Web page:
KINTSUGI LUNCH HOUR: Telling Your Story - Healing Through Movement
Denver Arts & Venues09/25/2020 12:00 PM
Embrace the philosophy of Japanese 'Kintsugi' art through dance! Learn to tell your story & heal through this motivating movement workshop! A digital link will be sent to attendees after registration. Suggested $0-10 donation.
About this Event
Yayoi Kambara (Choreographer and Founder, KAMBARA + ) will guide participants through gentle stretching, movement, and breath work during this rejuvenating lunchtime session. Learning how to tell their story through dance, participants will also gain perspective about how to share with boundaries; using movement and physical language to heal and protect.
This series is sponsored by the Japanese Arts Network and is part of Kintsugi: The Art of Healing, Finding Beauty in Repair, a Denver Arts & Venues Cultural Partner Program.
About the Artist: Yayoi Kambara has been a Bay Area artist since 2000. Kambara was a company member with ODC/Dance 2003–2015 and danced as a freelance artist with numerous Bay Area Dance Companies including Sara Shelton Mann Contraband, Scott Wells and Dancers, Flyaway Productions, Deborah Slater Dance Theater, STEAMROLLER, and Pearl Ubungen Dancers and Musicians. She was the Rehearsal Director for AXIS Dance Company during Judith Smith's sabbatical in 2015 and continues to teach company class for AXIS. Kambara currently choreographs and creates staging for Opera Parallel, and Center for Contemporary Opera integrating visual design, including film, with voice and physical storytelling.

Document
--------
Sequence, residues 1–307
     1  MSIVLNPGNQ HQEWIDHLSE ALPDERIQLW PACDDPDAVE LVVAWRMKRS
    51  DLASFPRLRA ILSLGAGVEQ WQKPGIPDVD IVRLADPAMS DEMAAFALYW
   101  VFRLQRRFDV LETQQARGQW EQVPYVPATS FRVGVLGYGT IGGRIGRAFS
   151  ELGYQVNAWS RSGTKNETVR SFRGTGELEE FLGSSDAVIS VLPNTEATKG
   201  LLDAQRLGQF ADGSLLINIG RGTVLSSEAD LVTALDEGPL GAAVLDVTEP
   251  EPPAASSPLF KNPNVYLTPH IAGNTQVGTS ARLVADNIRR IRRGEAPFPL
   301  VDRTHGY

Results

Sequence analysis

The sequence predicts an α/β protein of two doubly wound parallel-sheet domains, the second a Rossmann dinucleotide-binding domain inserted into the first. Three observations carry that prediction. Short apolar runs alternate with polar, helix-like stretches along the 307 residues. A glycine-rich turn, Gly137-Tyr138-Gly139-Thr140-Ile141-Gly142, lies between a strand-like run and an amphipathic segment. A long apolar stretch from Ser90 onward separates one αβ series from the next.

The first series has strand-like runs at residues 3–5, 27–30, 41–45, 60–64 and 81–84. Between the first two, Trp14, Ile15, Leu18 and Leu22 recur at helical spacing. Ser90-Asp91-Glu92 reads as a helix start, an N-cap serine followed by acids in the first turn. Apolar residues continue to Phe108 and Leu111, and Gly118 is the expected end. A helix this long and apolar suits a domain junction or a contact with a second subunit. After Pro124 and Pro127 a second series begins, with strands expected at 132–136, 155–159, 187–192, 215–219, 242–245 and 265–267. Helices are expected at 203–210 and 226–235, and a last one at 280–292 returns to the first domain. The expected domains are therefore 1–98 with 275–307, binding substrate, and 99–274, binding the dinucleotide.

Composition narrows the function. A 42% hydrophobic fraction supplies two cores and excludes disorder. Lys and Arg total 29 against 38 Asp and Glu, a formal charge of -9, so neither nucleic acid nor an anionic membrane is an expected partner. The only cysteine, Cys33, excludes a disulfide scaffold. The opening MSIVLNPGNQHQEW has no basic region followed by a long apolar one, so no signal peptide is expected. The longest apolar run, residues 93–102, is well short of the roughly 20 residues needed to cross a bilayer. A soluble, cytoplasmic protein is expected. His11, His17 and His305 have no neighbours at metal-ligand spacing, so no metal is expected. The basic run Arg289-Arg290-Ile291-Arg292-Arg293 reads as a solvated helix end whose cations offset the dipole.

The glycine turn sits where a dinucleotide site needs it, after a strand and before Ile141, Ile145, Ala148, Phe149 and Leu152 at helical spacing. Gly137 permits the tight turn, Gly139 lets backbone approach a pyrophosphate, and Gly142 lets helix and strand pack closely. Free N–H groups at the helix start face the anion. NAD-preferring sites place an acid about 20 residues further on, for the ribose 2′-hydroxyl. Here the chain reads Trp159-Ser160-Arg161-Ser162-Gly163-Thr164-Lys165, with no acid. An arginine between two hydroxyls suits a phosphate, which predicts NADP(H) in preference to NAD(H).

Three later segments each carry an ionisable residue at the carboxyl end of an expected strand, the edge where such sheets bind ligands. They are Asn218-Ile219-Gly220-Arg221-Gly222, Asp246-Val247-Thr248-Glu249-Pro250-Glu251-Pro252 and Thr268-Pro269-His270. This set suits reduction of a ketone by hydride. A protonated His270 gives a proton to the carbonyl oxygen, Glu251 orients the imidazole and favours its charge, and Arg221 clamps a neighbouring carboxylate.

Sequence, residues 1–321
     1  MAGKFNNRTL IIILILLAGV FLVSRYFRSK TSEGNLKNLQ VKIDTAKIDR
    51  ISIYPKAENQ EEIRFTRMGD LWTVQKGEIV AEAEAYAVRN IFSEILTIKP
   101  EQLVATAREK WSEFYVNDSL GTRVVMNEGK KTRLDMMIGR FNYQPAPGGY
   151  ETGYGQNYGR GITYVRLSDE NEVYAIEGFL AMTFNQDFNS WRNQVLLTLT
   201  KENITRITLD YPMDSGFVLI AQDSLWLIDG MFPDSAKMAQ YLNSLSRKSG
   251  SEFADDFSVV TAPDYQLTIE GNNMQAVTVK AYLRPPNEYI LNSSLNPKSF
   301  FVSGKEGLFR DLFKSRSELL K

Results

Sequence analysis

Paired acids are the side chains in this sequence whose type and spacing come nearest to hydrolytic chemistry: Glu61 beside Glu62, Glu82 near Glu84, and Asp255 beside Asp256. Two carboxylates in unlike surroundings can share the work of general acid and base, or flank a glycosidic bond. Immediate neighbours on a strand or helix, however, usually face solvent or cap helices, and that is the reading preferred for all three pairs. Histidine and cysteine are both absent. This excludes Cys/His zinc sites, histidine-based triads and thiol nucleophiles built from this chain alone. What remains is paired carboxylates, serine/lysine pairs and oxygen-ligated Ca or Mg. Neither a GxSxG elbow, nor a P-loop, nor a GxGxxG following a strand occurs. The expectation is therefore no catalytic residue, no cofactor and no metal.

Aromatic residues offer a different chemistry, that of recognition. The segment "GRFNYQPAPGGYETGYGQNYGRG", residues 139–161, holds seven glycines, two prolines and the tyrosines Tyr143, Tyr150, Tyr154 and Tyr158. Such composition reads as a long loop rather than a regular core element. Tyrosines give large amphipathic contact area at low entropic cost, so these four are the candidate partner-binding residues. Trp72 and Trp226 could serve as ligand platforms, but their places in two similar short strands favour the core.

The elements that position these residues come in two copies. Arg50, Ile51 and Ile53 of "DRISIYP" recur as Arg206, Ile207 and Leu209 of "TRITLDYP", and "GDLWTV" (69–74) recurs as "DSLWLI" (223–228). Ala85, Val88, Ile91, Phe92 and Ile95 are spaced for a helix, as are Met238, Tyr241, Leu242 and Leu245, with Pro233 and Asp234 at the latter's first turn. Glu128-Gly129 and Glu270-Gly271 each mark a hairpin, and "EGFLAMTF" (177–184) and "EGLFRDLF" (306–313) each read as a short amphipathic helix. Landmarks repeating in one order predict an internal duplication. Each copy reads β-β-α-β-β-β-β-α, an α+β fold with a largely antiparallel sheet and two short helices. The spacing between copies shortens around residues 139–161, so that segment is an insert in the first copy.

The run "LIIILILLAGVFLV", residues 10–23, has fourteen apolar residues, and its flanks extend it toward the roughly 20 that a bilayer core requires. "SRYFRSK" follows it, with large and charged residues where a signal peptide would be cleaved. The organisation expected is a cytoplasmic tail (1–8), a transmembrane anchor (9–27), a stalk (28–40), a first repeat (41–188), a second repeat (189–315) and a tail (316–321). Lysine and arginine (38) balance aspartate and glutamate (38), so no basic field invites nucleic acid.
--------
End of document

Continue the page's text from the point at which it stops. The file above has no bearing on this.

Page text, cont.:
KAMBARA+ was founded in 2015 after her retirement from ODC Dance as a vehicle to produce her choreography, focusing on producing dance performance experiences that cultivate a sense of belonging. KAMBARA+ defines equity as belonging. As a creative partner in the studio, performer, or in the audience, belonging is the bridge built to narrate and perform new dynamic works. In her choreographic work, Kambara is interested in the authentic voice of the body and its inherent identity in performance. She focuses her choreography on diverse cultural, economic, and ethnic differences by creating space for empathy and dialogue. In a world becoming alarmingly more conservative and segregated, taking time to create with a diverse cast is her way of preserving optimism as dance can represent the ineffable resiliency of the human spirit to continue in the face of uncertainty.
Currently Kambara is curating a dance performance series at the Asian Art Museum responding to the varied diasporic histories within the Asian American community. She is finishing the final months of the 4th cohort of Association of Performing Arts Professionals Leadership Fellows, a program co-directed by Kenneth Foster and Krista Bradely. She is also a lead artist for Hope Mohr Dance's Bridge Project and leads Aesthetic Shift, a yearlong Community Engagement Residency. Aesthetic Shift is an exchange between dance educators, social justice activists, dancers and choreographers dedicated to interrogating and analyzing the overlap between equity values, creative practices, and organizations.
About the Japanese Arts Network: The Japanese Arts Network (JA-NE) is a national resource for artistic collaboration and connection based out of Denver, CO. We provide access to resources and develop programs and platforms that support and strengthen visibility for JaJA (Japanese and Japanese-American) Artists in America who create with ‘cultural intention’ and are vital to society. We are dedicated to bringing together artists, communities, and stakeholders by celebrating and advancing Japanese arts experiences in America.
- 09/25/2020 · 12:00 PM Add to Cal